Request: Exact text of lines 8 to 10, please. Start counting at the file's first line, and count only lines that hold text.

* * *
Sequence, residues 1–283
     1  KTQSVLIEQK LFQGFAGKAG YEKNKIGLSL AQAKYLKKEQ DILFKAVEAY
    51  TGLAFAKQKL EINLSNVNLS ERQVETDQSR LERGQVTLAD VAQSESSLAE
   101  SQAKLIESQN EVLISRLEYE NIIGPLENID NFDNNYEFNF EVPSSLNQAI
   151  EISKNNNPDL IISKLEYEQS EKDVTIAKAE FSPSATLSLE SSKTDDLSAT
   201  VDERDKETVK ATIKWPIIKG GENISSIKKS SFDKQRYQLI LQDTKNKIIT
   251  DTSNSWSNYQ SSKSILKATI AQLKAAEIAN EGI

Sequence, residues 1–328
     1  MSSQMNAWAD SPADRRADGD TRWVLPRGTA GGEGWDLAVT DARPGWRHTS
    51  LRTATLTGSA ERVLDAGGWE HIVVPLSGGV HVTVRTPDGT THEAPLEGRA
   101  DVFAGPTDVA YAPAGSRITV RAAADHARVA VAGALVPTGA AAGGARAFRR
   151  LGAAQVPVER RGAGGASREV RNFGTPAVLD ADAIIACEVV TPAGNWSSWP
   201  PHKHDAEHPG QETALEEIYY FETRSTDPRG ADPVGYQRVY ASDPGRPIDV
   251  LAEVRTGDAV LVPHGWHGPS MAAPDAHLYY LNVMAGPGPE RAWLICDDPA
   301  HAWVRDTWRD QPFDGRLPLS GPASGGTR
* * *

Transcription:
Sequence, residues 1–328
     1  MSSQMNAWAD SPADRRADGD TRWVLPRGTA GGEGWDLAVT DARPGWRHTS
    51  LRTATLTGSA ERVLDAGGWE HIVVPLSGGV HVTVRTPDGT THEAPLEGRA